1. Planning is one of the biggest building blocks of group work and you will fail without it. 
2. Everybody needs to be motivated so they don’t get distracted.
3. You have to listen to everybody and be prepared to compromise your ideas to make everybody happy and to get the best ideas.
4. Sometimes despite your best efforts you will be disappointed.
 
Was there a time that you have made a mistake or failed but learnt so much from it?

 

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Noob, Master or Wizard

Differentiation is a focus this year, not only at my school, but also in the region. This has meant that there is a massive push to make a range of strategies more explicit in our programs and units of work.

So, what is Differentiation?

It involves the use of teaching, learning and assessment strategies that are fair and flexible, provide an appropriate level of challenge, and engage students in learning in meaningful ways. Differentiated programming recognises an interrelationship between teaching, learning and assessment that informs future teaching and learning.

http://syllabus.bos.nsw.edu.au/support-materials/differentiated-programming/

Being unique and different isn't all that bad

Being unique and different isn’t all that bad


The concept began as a strategy to enable Gifted and Talented learners to be challenged in mainstream classrooms. The realisation is all students learn in different ways and when provided with a range of ways to problem solve, a choice of product outcomes and the opportunity to work at a pace that suits them, students will achieve better and more to their potential. No longer is the “one size fits all” solution adequate in the 21st Century classroom.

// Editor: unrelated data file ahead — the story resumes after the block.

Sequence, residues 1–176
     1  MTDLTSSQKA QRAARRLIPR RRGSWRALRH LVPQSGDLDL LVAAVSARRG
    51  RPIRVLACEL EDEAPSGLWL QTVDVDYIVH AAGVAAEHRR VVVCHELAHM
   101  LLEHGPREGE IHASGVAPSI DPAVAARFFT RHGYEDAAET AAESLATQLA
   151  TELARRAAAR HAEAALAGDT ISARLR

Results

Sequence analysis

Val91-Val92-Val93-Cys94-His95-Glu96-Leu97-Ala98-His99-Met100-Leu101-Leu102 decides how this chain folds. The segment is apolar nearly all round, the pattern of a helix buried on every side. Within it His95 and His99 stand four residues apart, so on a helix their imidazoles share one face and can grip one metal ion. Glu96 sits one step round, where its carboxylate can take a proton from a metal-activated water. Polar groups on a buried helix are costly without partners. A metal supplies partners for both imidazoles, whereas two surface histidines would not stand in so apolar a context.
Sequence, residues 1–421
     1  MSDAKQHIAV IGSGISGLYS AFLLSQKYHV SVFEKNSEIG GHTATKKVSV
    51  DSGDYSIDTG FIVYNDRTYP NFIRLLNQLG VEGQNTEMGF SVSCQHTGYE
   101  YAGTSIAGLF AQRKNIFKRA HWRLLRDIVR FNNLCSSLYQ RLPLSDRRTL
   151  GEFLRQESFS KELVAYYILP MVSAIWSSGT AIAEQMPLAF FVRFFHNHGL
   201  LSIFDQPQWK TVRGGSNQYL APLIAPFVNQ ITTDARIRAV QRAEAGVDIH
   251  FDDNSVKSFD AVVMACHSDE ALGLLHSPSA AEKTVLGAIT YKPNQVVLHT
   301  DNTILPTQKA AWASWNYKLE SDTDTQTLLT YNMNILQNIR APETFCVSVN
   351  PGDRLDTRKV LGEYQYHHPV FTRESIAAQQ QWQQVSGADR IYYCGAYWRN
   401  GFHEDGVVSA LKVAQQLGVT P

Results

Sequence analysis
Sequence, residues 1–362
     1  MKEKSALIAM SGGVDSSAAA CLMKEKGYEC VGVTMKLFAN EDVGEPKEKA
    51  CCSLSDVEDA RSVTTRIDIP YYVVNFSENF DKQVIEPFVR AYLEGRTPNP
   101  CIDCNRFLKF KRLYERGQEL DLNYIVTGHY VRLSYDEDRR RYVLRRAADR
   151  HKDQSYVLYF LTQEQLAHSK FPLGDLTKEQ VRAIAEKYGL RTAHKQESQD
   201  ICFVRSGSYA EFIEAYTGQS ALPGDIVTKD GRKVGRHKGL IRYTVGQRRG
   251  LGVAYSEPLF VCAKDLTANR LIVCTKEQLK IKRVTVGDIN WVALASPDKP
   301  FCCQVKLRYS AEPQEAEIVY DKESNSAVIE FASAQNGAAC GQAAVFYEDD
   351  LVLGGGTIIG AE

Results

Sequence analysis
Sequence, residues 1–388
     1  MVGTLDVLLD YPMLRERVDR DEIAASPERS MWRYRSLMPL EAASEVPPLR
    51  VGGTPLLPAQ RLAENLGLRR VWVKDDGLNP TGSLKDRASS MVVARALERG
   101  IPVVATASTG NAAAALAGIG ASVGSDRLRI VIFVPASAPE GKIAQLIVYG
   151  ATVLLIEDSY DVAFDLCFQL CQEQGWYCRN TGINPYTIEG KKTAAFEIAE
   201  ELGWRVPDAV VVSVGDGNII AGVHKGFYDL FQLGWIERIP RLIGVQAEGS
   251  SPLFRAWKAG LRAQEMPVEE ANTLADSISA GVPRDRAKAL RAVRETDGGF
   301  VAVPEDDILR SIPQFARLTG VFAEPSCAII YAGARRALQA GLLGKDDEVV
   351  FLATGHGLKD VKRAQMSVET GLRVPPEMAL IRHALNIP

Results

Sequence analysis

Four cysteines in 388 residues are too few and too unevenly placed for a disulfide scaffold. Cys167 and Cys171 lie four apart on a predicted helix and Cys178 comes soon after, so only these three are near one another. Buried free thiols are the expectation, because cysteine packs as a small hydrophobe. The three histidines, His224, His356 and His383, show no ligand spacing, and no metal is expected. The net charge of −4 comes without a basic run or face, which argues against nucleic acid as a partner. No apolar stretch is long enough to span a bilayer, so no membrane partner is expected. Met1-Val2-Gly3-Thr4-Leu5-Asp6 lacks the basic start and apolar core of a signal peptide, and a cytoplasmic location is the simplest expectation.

There are a few suggested strategies that can be used. These include:

  • Differentiating the process or activities
  • Differentiating the product outcome or assessment
  • Differentiating the content and materials
  • Differentiate the environment

All the above can be further explained when you examine the following models:

How does this translate in the classroom?

I feel confident from teaching the GATS class that I am able to accomplish these ideas when programming and implementing a unit of work. But when we sat down to discuss it as a faculty, there was a need to have it more explicit and each concept defined and used clearly by each teacher. (Now there is irony – teach in a differentiated way, but don’t program like it! HAHA!) There was also a push from above for each faculty to focus on one strategy to become experts at it – the Art department scored Extended Brainstorming. The more that I thought about it and read about differentiation, the more clear it was to me, that in Art we are really lucky. While we teach students a skill in using materials, the concept development and inevitable outcome, is always differentiated. Students are always working at their own pace and some extend their artmaking when they feel confident, while others are more complacent.

For me, reflecting upon my classes, I thought perhaps I had let my Visual Design class down. Because I teach in such an open-ended manner, I feared that maybe they weren’t developing good enough Graphic Design skills, and some were not all confident with using Photoshop. I don’t like to set down in stone HOW to use the software, I figure that as they problem solve and decide on a visual concept, they are going to have to learn how to use the software, to make it do what they want.